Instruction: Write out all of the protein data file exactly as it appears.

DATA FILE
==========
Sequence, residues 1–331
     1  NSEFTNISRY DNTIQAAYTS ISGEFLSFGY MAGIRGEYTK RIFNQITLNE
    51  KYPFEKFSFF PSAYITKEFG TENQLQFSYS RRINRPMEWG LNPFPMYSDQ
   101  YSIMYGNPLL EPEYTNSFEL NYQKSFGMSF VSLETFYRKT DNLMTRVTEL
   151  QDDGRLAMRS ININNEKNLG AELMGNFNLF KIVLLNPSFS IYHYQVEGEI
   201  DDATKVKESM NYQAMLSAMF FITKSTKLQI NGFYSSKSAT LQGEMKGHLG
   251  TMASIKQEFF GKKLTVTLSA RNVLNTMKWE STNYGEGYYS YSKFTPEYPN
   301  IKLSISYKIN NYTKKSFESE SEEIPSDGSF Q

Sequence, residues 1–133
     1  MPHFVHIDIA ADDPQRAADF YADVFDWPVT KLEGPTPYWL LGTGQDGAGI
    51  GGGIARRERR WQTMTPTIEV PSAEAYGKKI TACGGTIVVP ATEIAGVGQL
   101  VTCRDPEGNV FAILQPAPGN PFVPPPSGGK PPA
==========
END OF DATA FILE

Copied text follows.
Sequence, residues 1–331
     1  NSEFTNISRY DNTIQAAYTS ISGEFLSFGY MAGIRGEYTK RIFNQITLNE
    51  KYPFEKFSFF PSAYITKEFG TENQLQFSYS RRINRPMEWG LNPFPMYSDQ
   101  YSIMYGNPLL EPEYTNSFEL NYQKSFGMSF VSLETFYRKT DNLMTRVTEL
   151  QDDGRLAMRS ININNEKNLG AELMGNFNLF KIVLLNPSFS IYHYQVEGEI
   201  DDATKVKESM NYQAMLSAMF FITKSTKLQI NGFYSSKSAT LQGEMKGHLG
   251  TMASIKQEFF GKKLTVTLSA RNVLNTMKWE STNYGEGYYS YSKFTPEYPN
   301  IKLSISYKIN NYTKKSFESE SEEIPSDGSF Q

Sequence, residues 1–133
     1  MPHFVHIDIA ADDPQRAADF YADVFDWPVT KLEGPTPYWL LGTGQDGAGI
    51  GGGIARRERR WQTMTPTIEV PSAEAYGKKI TACGGTIVVP ATEIAGVGQL
   101  VTCRDPEGNV FAILQPAPGN PFVPPPSGGK PPA